The Wolf Of Wall Street starring Leonardo DiCaprio could benefit from 1MDB scandal

Leonardo DiCaprio, best actor nominee for his role in "The Wolf of Wall Street," arrives at the 86th Academy Awards in Hollywood, California, on March 2, 2014.
Leonardo DiCaprio, best actor nominee for his role in "The Wolf of Wall Street," arrives at the 86th Academy Awards in Hollywood, California, on March 2, 2014. PHOTO: REUTERS

NEW YORK (REUTERS) - Actor Leonardo DiCaprio bought the movie rights for what would be The Wolf Of Wall Street back in 2007. But it was not until a little-known Hollywood production company came along six years later that the story of high-rolling fraudsters got off the ground.

On Wednesday (July 20), the Malaysian co-founder of that company, Red Granite Pictures, was accused in US civil lawsuits of using US$100 million (S$135 million) that was diverted from Malaysian state investor, 1Malaysia Deve1opment Berhad (1MDB), in a money laundering scheme to finance the film.

The lawsuits aim to seize the proceeds from the 2013 film.

Directed by Martin Scorsese and starring DiCaprio as convicted stockbroker Jordan Belfort, The Wolf Of Wall Street went on to make US$400 million at the worldwide box office, win five Oscar nominations, and a Golden Globe for the popular actor.


Now back in the spotlight, the rollicking tale of drugs, sex and money laundering should make tens of millions of dollars more, industry analysts said.

"A film like Wolf Of Wall Street with DiCaprio and Scorsese is an evergreen property and it could easily make another US$100 million in the near future," said Mr Jeff Bock, senior box-office analyst at Exhibitor Relations.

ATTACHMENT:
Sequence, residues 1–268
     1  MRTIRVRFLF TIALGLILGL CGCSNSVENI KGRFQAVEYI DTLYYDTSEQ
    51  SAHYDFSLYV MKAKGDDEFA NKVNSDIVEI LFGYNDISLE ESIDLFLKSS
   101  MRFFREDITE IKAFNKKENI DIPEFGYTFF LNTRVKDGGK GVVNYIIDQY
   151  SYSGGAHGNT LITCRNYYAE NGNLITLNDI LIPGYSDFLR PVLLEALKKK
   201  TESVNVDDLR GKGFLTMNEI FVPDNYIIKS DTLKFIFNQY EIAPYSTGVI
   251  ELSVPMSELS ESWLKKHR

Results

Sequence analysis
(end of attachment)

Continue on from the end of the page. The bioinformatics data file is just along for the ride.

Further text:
The renewed attention on the film won't hurt either. "All the talk just helps remind people about the movie," he said.

Mr Paul Dergarabedian, senior media analyst for global media measurement company comScore, said it was the kind of movie that does well for years.

In a statement, Red Granite said that to its knowledge, none of the funding it received four years ago was illegitimate and that co-founder Riza Aziz and the company did nothing wrong. Mr Riza is the stepson of Malaysian Prime Minister Najib Razak, who oversaw the 1MDB fund.

The court papers mention "Hollywood Actor 1" and a source familiar with the matter said that referred to DiCaprio. It said he became associated with a Malaysian man named Jho Low, who distributed more than US$10 million to the production company using 1MDB money and later received a "special thanks" in the film credits.

The court papers said that in July 2012, Mr Low went gambling in Las Vegas with several others, including DiCaprio and a former 1MDB executive after Mr Low's account had been deposited with US$11 million from accounts used to launder 1MDB funds.

A DiCaprio publicist did not return requests for comment.

The movie's distributor, Paramount Pictures, did not return calls for comment, nor did director Scorsese.

Mr Riza and Los Angeles-based Red Granite Pictures were little known in Hollywood before putting up the bulk of the cash for The Wolf If Wall Street.

According to, the film had a production budget of about US$100 million.

Red Granite had previously financed the 2011 indie film Friends With Kids. It has since helped produce or finance a handful of other movies including the comedies Dumb And Dumber To and Daddy's Home.

The company's website says its slate of films has brought in more than US$825 million worldwide at the box office since the company was founded in 2010.